First of all, apologies if this isn't quite in the right section.(adsbygoogle = window.adsbygoogle || []).push({});

I've been studying functionals, in particular pertaining to variational calculus. My query relates to defining a functional as an integral over some interval [itex]x\in [a,b][/itex] in the following manner [tex]I[y]= \int_{a}^{b} F\left(x, y(x), y'(x)\right)dx [/tex]

Clearly from this we see that [itex]I[/itex] is not dependent on [itex]x[/itex], but instead it depends only on the function [itex]y(x)[/itex]. [itex]I[/itex] is a functional and as such it defines a mapping from the set of all functions [itex]y(x)[/itex] satisfying [itex]y(a)=0=y(b)[/itex] to [itex]\mathbb{R}[/itex].

My question really, is why the integrand a function of the set of curves [itex]y(x)[/itex] (as defined above) and their derivatives [itex]y'(x)[/itex] (I've kept it to first-order for simplicity, but I know that in general it can be dependent on higher orders)?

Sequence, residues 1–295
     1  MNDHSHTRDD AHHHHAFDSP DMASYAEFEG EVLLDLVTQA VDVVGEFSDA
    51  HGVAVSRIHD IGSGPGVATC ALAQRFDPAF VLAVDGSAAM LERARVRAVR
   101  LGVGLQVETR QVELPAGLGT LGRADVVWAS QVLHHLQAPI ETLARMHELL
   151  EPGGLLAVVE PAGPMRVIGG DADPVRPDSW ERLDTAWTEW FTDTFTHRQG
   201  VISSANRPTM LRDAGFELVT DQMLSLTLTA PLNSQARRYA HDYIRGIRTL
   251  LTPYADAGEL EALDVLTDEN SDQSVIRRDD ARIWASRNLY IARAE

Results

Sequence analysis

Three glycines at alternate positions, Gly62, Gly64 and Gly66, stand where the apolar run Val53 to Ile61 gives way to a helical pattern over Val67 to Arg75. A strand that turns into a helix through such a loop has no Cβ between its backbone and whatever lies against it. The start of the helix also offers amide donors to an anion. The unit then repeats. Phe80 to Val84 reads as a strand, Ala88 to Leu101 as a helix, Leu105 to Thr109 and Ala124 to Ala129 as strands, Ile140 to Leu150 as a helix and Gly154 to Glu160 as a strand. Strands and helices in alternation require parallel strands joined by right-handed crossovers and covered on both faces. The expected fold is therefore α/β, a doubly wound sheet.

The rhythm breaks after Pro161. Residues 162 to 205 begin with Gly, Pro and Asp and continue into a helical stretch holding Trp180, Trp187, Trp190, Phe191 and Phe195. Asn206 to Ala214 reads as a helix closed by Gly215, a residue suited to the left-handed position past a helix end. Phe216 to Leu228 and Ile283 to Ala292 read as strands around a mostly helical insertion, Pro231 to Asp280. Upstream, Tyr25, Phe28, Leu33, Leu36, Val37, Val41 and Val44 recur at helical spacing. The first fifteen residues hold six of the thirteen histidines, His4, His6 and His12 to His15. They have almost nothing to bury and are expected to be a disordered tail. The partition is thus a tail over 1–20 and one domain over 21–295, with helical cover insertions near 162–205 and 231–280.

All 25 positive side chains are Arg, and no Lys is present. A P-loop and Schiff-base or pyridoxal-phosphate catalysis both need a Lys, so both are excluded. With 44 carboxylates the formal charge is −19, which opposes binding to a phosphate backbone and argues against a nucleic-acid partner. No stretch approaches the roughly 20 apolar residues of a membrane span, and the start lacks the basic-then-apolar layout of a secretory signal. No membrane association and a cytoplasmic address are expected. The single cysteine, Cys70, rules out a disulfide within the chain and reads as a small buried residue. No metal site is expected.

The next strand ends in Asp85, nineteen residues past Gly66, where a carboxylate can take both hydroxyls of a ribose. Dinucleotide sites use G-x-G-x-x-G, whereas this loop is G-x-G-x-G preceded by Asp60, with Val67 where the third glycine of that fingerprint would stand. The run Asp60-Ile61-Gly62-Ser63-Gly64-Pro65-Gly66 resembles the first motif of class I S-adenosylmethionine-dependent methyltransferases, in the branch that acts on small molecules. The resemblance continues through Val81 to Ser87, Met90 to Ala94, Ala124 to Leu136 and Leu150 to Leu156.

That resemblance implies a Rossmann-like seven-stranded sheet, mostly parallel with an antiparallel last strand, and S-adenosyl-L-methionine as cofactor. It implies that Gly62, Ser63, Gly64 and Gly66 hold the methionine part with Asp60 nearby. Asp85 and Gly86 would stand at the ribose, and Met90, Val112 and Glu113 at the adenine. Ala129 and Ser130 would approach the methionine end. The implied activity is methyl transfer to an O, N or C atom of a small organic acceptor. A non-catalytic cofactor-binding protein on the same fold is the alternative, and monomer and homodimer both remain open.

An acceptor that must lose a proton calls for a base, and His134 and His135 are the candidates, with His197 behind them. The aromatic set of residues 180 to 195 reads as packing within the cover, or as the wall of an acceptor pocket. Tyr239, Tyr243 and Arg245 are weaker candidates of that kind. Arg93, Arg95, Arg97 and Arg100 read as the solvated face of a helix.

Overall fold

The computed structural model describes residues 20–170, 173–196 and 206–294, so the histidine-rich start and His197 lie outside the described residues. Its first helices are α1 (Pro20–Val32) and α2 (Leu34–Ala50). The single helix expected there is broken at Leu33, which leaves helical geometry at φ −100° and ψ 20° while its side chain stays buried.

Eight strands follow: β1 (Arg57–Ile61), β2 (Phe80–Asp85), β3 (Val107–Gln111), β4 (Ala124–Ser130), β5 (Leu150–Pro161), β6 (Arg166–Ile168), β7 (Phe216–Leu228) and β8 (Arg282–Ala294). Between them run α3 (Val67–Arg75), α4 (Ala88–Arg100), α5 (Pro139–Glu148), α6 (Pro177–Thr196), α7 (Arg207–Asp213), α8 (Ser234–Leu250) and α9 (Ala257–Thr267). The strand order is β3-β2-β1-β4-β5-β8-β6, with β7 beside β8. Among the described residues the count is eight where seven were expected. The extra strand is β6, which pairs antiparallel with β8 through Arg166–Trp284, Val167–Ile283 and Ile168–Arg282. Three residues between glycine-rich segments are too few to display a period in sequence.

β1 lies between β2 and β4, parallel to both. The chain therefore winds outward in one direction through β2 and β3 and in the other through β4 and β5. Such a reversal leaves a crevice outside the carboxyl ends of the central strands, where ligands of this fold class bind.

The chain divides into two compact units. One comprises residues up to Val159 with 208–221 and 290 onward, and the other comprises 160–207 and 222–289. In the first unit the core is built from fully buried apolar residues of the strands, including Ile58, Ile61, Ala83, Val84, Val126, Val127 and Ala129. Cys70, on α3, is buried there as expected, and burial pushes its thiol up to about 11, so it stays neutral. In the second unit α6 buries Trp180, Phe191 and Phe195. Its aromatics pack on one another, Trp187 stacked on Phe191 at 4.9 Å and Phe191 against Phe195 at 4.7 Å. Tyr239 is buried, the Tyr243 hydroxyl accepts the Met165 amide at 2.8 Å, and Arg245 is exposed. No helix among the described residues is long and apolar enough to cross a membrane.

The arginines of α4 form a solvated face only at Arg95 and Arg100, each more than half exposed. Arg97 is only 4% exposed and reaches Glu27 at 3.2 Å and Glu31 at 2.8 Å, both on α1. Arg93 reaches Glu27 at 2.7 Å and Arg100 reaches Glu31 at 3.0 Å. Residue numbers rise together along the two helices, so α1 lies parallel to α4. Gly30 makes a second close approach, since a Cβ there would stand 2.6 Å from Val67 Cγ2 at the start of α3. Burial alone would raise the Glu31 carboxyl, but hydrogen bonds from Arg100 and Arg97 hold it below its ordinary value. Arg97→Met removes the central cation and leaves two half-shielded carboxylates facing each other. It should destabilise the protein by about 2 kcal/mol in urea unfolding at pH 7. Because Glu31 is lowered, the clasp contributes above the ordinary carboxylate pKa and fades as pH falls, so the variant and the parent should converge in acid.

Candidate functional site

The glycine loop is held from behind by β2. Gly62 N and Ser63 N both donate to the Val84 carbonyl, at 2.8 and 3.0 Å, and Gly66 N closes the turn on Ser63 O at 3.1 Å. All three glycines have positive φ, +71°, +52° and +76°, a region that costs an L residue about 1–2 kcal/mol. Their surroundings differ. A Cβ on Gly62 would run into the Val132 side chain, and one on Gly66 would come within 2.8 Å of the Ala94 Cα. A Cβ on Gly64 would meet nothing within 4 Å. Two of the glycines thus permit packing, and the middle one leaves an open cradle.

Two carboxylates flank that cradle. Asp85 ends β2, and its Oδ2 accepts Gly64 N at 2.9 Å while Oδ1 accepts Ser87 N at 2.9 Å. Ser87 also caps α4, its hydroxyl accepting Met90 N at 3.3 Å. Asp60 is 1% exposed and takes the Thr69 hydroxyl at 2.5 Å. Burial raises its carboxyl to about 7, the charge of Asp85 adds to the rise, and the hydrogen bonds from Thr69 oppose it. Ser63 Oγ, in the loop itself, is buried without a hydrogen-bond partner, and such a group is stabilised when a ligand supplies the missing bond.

Is this because, as [itex]I[/itex] is depends on every single value that [itex]y(x)[/itex] takes in the interval [itex]x\in [a, b][/itex], and not just its value at a single point, we must consider how [itex]y(x)[/itex] changes (i.e. we must consider it's derivatives) over this interval as we integrate over it. Thus, this implies that the integrand should be a function of the curve and it's rate of change?

Please could someone let me know if my thinking is correct, and if not, provide an explanation.

Thanks for your time.

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# A question on functionals

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